Virtually every story ever told begins with the “what if?” premise. The open-ended question asked starts the storyteller off and running. When asked where they get their ideas, most writers will generally nod towards the universal inspiration of “what if?”. In the case of Insignificance, director Nicholas Roeg takes Terry Johnson’s dramatic “what if?” from the stage and brings it to life on screen: “What if, on one night in 1953, the destinies of four major historical players collided? What would happen if Albert Einstein, Marilyn Monroe, Joe DiMaggio and Senator Joseph McCarthy all wound up in the same hotel room, albeit at different times, on the same night?” Johnson’s answer lies in the title, to wit “nothing of importance”. Which is, of course, the answer to the cosmic joke, “Why are we here and what are we to do?”
Though a disclaimer insists that the characters in this drama are fictional, and are only referred to by their titles, the fact remains that The Actress (Theresa Russell in perhaps her best performance—and you can take that for what its worth considering her usual wooden appearances), bored of “having her skirt blown up around her ears” while shooting a scene for her new movie, flees her producers and her husband, makes a stop at a five-and-dime store, then visits the hotel suite of The Professor (Michael Emil). In town to attend a peace conference, The Professor has already received a visitor that night, the bullying, possibly-psychotic and certainly power-mad Senator (Tony Curtis), who wants the esteemed scientist and “father of the H-Bomb” to attend his Committee’s hearing the next morning and name names. Angered by this encounter, the bushy-haired scientist is further bewildered by the appearance of the Actress, who barges in and insists on explaining the Theory of Relativity to him, using toy trains, soldiers, flashlights and balloons. She wants to prove to him that she knows the theory, even if she doesn’t quite understand it. She wants to prove to him that she’s more than something to gawk at. Though at first, until she points to a billboard on the building across from him sporting her image, he has no idea who she is.
In the meantime, her husband, the Ballplayer, already jealous of the crowd of bystanders who gathered to watch the goddess and her flowing skirt, drinks in a bar and stares at her naked body displayed on a calendar. He tracks her down, invades the hotel room, confronts her and scoffs as he listens to a conversation she has with the Professor about the “shape of space”. “It’s round,” he insists. “Everything real is round.” It’s a matter he’s sure about. Something over which he has control. He thinks. The Actress won’t leave with him. She wants a child and so does he, but she can’t give him one. The Ballplayer tries to explain the nature of fame to the famous scientists. “I’m on a bubblegum card one pack out of five,” he says, flipping away a card not bearing his face. “That’s famous. But I’m sure people know who you are too.”
Outside, the Senator rages, obsesses over images of The Actress, unaware that she’s just floors away from him. His own power is slipping—the Committee hearings will be over soon. He needs the Professor to justify his own past witch hunt. In the midst of all of this, haunted by images of the destruction brought about by his own work, the Professor obsesses over his theory of the shape of the universe, scrawling on endless pages of paper, wondering if he has sinned in anyone’s eyes other than his own.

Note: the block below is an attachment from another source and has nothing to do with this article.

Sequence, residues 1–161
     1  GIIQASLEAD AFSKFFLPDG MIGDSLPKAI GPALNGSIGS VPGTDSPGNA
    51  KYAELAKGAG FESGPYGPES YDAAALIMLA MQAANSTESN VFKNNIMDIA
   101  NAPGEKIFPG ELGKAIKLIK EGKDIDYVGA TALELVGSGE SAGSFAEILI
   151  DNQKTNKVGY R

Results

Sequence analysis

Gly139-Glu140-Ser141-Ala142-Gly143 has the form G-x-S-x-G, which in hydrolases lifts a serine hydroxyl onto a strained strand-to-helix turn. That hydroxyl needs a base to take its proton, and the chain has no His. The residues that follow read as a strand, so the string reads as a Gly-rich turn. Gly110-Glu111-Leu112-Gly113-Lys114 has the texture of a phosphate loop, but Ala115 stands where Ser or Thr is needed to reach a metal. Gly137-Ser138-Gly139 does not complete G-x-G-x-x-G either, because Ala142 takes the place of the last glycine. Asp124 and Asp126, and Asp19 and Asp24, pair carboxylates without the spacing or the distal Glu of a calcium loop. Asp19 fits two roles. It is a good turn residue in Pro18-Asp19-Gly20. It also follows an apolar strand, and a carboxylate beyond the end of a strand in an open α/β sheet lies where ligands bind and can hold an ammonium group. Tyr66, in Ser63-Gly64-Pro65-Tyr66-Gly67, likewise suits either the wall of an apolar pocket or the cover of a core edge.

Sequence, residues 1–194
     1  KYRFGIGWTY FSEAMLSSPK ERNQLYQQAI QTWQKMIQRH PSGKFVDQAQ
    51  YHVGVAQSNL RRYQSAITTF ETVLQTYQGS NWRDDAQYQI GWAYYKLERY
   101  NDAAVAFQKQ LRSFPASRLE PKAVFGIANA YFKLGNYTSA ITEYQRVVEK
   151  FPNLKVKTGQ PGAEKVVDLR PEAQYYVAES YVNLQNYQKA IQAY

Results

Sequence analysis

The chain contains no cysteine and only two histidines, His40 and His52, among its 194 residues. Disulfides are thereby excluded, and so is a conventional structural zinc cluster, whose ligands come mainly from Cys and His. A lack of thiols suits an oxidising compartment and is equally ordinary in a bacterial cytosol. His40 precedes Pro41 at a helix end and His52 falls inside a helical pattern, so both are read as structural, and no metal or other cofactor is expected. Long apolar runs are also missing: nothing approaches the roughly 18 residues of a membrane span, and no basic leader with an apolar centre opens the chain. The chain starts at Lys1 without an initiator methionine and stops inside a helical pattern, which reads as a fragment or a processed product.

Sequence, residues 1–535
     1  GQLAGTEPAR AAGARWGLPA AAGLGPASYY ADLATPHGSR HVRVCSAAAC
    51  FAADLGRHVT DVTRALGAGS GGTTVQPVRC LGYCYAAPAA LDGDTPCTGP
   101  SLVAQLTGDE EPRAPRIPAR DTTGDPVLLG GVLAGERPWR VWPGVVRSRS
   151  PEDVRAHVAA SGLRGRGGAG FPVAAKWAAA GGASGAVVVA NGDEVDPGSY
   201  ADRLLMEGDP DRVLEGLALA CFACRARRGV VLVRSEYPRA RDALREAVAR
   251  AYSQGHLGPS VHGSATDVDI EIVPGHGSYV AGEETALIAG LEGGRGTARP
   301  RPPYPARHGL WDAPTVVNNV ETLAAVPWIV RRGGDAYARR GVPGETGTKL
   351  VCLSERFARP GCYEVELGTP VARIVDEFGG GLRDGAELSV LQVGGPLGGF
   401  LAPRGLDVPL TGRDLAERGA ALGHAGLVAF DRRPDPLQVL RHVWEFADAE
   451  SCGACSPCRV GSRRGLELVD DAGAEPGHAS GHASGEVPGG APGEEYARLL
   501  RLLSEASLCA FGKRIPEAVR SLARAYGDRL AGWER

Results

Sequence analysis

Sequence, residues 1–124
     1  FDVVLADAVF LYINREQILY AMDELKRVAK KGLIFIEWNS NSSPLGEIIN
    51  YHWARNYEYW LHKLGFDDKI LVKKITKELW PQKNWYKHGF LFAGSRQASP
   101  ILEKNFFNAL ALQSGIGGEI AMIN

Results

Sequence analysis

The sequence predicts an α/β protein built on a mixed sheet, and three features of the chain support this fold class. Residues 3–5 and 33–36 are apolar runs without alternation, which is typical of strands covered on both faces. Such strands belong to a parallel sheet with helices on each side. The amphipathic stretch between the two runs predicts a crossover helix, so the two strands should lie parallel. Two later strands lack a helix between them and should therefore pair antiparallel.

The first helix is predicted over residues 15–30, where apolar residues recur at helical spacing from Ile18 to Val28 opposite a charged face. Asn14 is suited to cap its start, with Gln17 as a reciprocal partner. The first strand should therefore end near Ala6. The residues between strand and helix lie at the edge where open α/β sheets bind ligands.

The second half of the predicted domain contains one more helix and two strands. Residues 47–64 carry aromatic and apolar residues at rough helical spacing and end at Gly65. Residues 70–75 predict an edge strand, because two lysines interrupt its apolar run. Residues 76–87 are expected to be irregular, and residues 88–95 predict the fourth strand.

Insignificance is, at all times, wonderful, baffling, frustrating and delightful. It’s one of those movies where the destination isn’t all that important. Anyone vaguely familiar with the “fictional” personalities know what will happen after this hotel room is vacated by all parties: the four people will return to their lives, separately of each other. At least one life will end tragically. At least one will not end soon enough. And their meeting in this room matters not one single bit. Nothing changes because of the meeting, the course of their lives is not altered a hair and nothing is solved or resolved. It’s a thought exercise captured on film and nothing more, but the performances and their chemistry is magical.
Even if you know Monroe’s life to a ‘T’ or can speak fluent Einsteinian history, there are moments that will positively delight you in their eccentricity here. The lengthy scene where The Actress explains The Professor’s Theory of Relativity is so light and playful that it ranks, in my eyes anyway, one of the most perfect scenes ever captured. Though Busey doesn’t exactly conjure up a perfect DiMaggio, the energy and (yes, surprisingly) subtlety he brings to the role is all his own. Emil and Russell are perfect and Curtis is the perfect villain—someone who exists for the greater good and has taken on the mantle of villain because he has to, his beliefs are that strong, and he will never, ever, understand a nonconformist like the Professor. (Headier, too, is the single scene he shares with Russell where he mistakes her for a prostitute in Marilyn gear, and you realize that, of them all, Curtis is the only one in the film who actually knew Monroe and actually seems a bit haunted by Russell’s transformation himself.)
The story, of course, never really goes anywhere. The ending sequence, while dramatic and disturbing, amounts to nothing either. But in this case, it’s purely about the journey. It’s a delightful “what if?” story at times fun and tragic. And it’s a shame that it isn’t readily available on DVD for everyone to see. It can be found, but it has to be hunted for. But it’s worth the search, if only to spur on more “what if’s?” for the viewer.